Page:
Infected and Will Eisner's The Spirit: Who Killed The Spirit?

Infected

I was reading a medical report the other day and saw that the physician's assistant had made an error. It was supposed to say patient states she sees bugs crawling into her skin. Instead the report said patient states she sees bugs crawling out of her skin.

I don't know about you but the idea of bugs crawling into your skin is pretty bad but bugs crawling out seems so much worse. How many are there? What were they doing in there? How long were they in there? If these kinds of questions give you the willies and you enjoy being scared then you will definitely enjoy Scott Sigler's novel Infected.

I'm sure I read this a few years ago but I don't really remember what I thought of it then. My impression is that I didn't think it was terrible but I also didn't think it was terrific. This time around I really enjoyed it.

Infected is the intertwined stories of several different people who are intimately impacted by a type of parasite that is building weird little structures inside of people and making them go violently crazy. We see things from the perspective of the lead CDC agent, a Vietnam war vet who is in charge of containing the violence, and an enormous football player who has had a lifelong problem controlling his temper.

Naturally the football player gets infected. Nicknamed Scary Perry during his professional football days, he ends up with several of parasites growing in various parts of his anatomy, including the most delicate part of a man. Perry has an incredible drive to survive and, thanks in part to his football training, has an almost inhuman ability to keep going despite pain. As the parasites grow and he realizes the seriousness of the infection his efforts to eradicate them ramps up to gruesome levels.

While Infected raises a strong sense of anxiety, it's also pretty funny in parts. At one point the parasites begin to mentally communicate with Perry and they call him the same names that he's called them. So every time they speak to him they call him either fucker or sonofabitch. I don't know why but I found it completely hilarious. At one point he's watching television, which they don't understand, and he tells them that he was talking to Columbo, the television detective of days of yore. They equate Colombo with the soldiers that have been trying to eradicate them and soon has Perry also calling the soldiers Columbos, another image that tickled me.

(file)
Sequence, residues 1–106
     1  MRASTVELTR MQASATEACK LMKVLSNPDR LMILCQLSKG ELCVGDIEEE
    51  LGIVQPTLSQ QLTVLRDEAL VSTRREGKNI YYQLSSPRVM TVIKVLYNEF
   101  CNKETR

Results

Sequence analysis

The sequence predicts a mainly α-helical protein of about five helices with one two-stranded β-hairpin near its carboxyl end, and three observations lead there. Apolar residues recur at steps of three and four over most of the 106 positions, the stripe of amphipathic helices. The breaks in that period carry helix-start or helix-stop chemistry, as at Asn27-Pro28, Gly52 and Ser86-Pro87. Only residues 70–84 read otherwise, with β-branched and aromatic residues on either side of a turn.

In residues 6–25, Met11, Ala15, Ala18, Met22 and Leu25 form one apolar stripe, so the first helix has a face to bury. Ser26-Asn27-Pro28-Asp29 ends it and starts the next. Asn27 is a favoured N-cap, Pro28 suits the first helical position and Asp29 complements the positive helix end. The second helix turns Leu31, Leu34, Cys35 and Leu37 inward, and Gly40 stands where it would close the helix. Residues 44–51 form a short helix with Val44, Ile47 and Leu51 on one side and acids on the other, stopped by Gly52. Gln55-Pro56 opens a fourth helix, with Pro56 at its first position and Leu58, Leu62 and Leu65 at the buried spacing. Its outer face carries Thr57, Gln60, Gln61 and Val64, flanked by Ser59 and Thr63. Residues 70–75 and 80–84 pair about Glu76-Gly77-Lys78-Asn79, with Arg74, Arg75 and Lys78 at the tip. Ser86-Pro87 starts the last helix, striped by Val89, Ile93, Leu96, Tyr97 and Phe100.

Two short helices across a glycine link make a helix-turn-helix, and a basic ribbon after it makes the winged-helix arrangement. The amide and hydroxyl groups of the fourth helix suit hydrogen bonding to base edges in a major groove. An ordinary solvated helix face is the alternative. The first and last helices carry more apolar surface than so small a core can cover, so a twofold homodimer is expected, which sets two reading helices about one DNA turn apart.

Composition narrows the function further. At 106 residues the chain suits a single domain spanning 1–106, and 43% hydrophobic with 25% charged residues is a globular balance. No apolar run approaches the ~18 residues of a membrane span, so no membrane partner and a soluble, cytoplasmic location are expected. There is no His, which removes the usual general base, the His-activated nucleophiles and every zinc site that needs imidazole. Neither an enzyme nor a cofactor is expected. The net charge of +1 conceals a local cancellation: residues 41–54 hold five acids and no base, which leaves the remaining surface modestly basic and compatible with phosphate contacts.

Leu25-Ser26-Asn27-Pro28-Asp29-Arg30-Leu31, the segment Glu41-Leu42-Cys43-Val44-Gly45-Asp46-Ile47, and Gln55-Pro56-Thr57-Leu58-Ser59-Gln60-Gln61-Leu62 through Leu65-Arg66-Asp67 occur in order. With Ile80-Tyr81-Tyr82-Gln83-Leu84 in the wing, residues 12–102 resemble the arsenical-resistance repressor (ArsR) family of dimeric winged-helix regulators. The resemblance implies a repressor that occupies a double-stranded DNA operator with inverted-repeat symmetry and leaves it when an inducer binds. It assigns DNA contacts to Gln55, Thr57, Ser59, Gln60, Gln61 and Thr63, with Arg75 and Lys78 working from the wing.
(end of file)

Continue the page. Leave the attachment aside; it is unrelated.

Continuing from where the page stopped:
Fairly gruesome and graphic in parts, you might need a strong stomach to finish this one. But if you enjoy horror and horrifying images that you'll love this book.

You can listen to the entire audio book for free here: http://podiobooks.com/title/infected

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Will Eisner's The Spirit: Who Killed The Spirit?

I just finished reading an advanced review copy (a free copy to read before the book comes out, for review purposes) of Will Eisner's The Spirit: Who Killed The Spirit? This is a compilation of the first few comics in the series revival. While I have a great deal of respect for Mr. Eisner and what he accomplished, I've never actually read the Spirit before so it's difficult for me to say whether this new series lives up to the old series.

But that doesn't mean I can't judge it on its own. At the beginning of the series The Spirit, who is apparently what they used to call a “a red-blooded, two-fisted,he-man”, is missing. He is a sort of a detective who wears a mask and is excellent at getting in and out of tight spots. He is believed to be dead as the story begins but no one is sure. As the balance of power is about to shift in the hierarchy of the police station, several different people set out on the Spirit's trail. The most interesting of these is probably the duo of Strunk and White (I know, all of the names are quite silly, which I assume is Mr. Eisner's doing), a pair of very young Private Eyes. I'm not sure how young they're supposed to be, but they're young enough that people are surprised to see them working adult jobs.

They start going through the Spirit's files and interviewing all the villains with whom he's interacted. This is a terrific way for the new reader to get caught up on the Spirit's background. We see a fairly wide variety of bad guys and gals but I was disappointed in the villainesses. They're all drawn wearing slinky clothes and they all seem to have the hots for the Spirit. I would think that if I were a mastermind criminal I'd have more important and interesting things on my mind then some dude who likes to punch people.

However it's still an entertaining adventure story that's worth a quick read. The book debuts on the 25th of October and is available for preorder.

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Bonus Treat:

This week's bonus treat is a one minute video of someone flying a giant octopus kite. I find it a little frightening, probably because it reminds me of War of the Worlds.